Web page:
Full Content is available to subscribers

Subscribe/Learn More  >

A New Procedure to Capture Temperature Fluctuations Using Cold Wires: Application to Thermoacoustic Systems

[+] Author Affiliations
Arganthaël Berson

Queen’s University, Kingston, ON, Canada

Gaëlle Poignand, Philippe Blanc-Benon, Geneviève Comte-Bellot

Ecole Centrale de Lyon, Ecully, France

Paper No. FEDSM-ICNMM2010-30788, pp. 97-103; 7 pages
  • ASME 2010 3rd Joint US-European Fluids Engineering Summer Meeting collocated with 8th International Conference on Nanochannels, Microchannels, and Minichannels
  • ASME 2010 3rd Joint US-European Fluids Engineering Summer Meeting: Volume 2, Fora
  • Montreal, Quebec, Canada, August 1–5, 2010
  • Conference Sponsors: Fluids Engineering Division
  • ISBN: 978-0-7918-4949-1 | eISBN: 978-0-7918-3880-8
  • Copyright © 2010 by ASME


The improvement of the thermal coupling between the stack of a thermoacoustic refrigerator and the heat exchangers is necessary to achieve high-efficiency and stable operation. Heat transport by the thermoacoustic effect depends on both the velocity and temperature fields. Inside the stack, it can be described by the linear theory of thermoacoustics. However, departures from linear behaviours are expected near the edges of the stack and in the heat-exchangers due to the generation of vorticity and temperature harmonics. The present work focuses on the experimental characterization of temperature harmonics near the edges of a thermoacoustic stack. Experiments are conducted in an 18cm-long resonator operated with air at atmospheric pressure at the resonance frequency of approximately 464Hz. Drive ratios up to 3% are achieved, which corresponds to temperature oscillation amplitudes up to 2.5K. Temperature measurements are performed using a novel procedure recently proposed by Berson et al., Rev. Sci. Instrum. 81, 015102 (2010). The instantaneous temperature is measured with a cold wire operated by a Constant-Current Anemometer (CCA). In addition, we record the output signal of the same wire, under the same flow conditions — which is made possible by the periodicity of the acoustic wave — and operated in the heated mode by a Constant-Voltage Anemometer (CVA). During post-processing, the thermal inertia of the cold wire operated with the CCA is corrected using the CVA signal. This procedure does not require any physical properties of the wire such as the diameter. In addition, it does not require the knowledge of a heat-transfer/velocity relationship for the wire. This is all the most important for thermoacoustic systems since no such relationship is available in oscillating flows. Results validate the generation of temperature harmonics near the stack edges. The spatial distributions of the first and second harmonic amplitudes are compared with a one-dimensional model. The model is an extension of an analytical model from the literature [Gusev et al., J. of Sound and Vibration 235, (2000)] that takes into account axial conduction. Experimental results show an excellent qualitative agreement with the model and demonstrate the importance of axial conduction on the nonlinear thermal field behind the stack.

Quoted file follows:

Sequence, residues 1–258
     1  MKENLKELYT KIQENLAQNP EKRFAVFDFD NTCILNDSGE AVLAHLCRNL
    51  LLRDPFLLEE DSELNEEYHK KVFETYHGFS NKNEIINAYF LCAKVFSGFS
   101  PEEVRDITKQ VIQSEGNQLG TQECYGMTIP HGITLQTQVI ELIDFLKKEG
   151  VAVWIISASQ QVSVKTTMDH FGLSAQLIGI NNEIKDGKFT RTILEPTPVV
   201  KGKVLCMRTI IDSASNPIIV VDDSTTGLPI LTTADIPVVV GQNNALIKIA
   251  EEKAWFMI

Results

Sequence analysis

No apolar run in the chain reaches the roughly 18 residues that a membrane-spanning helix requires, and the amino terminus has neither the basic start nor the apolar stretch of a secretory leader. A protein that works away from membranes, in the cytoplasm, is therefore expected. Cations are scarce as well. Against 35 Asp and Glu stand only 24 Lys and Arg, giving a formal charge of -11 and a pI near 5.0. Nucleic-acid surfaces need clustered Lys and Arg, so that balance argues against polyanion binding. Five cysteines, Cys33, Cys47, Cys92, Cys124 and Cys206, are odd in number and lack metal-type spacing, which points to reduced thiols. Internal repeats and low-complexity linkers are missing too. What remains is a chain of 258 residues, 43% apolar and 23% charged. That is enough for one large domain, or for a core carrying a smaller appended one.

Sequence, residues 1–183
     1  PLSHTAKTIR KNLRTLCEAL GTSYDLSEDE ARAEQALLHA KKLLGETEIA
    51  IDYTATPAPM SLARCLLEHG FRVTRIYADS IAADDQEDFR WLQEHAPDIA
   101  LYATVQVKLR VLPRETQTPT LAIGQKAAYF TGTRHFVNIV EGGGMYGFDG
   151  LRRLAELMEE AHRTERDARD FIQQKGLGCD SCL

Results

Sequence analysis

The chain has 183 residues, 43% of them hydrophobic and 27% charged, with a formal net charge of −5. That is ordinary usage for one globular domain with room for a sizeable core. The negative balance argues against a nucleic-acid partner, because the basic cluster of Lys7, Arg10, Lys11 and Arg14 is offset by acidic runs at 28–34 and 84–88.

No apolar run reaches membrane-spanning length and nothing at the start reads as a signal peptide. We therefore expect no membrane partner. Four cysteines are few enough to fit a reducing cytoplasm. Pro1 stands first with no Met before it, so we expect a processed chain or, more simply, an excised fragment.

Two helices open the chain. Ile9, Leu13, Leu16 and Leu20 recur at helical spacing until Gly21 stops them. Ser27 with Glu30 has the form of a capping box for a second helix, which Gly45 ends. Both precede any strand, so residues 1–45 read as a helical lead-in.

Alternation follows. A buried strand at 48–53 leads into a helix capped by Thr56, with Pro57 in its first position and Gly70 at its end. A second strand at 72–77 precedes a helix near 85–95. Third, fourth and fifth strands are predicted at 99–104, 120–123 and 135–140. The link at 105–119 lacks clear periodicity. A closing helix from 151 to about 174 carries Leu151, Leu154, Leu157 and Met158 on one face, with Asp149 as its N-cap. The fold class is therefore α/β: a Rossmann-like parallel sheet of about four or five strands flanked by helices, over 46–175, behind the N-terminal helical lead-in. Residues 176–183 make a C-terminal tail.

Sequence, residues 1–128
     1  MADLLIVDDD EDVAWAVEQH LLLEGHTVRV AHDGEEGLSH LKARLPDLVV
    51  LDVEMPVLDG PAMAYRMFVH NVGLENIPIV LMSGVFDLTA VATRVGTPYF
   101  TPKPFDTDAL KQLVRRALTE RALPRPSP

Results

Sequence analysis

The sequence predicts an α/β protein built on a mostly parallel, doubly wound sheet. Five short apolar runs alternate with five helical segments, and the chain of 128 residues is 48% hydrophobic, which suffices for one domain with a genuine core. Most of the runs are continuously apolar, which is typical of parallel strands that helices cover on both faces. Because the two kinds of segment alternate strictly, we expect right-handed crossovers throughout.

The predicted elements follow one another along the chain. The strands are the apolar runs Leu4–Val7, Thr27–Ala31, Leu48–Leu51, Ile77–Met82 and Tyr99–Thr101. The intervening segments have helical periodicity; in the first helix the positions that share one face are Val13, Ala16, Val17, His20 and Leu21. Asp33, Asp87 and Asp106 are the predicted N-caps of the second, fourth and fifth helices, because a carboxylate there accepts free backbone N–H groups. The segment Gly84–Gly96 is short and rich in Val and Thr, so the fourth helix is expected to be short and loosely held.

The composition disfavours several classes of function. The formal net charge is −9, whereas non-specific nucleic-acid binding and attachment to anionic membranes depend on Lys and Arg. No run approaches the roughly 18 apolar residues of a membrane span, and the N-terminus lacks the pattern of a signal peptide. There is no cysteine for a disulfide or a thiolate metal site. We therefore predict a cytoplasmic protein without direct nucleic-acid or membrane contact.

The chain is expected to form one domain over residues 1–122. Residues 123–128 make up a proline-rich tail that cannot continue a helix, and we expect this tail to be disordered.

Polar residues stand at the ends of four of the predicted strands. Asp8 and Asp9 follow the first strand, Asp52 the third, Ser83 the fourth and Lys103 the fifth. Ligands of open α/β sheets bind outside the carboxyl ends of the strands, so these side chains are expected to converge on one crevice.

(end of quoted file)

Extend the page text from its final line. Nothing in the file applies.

Copyright © 2010 by ASME



Interactive Graphics


Country-Specific Mortality and Growth Failure in Infancy and Yound Children and Association With Material Stature

Use interactive graphics and maps to view and sort country-specific infant and early dhildhood mortality and growth failure data and their association with maternal

Citing articles are presented as examples only. In non-demo SCM6 implementation, integration with CrossRef’s "Cited By" API will populate this tab (http://www.crossref.org/citedby.html).

Some tools below are only available to our subscribers or users with an online account.

Related Content

Customize your page view by dragging and repositioning the boxes below.

Related eBook Content
Topic Collections

Sorry! You do not have access to this content. For assistance or to subscribe, please contact us:

  • TELEPHONE: 1-800-843-2763 (Toll-free in the USA)
  • EMAIL: asmedigitalcollection@asme.org
Sign In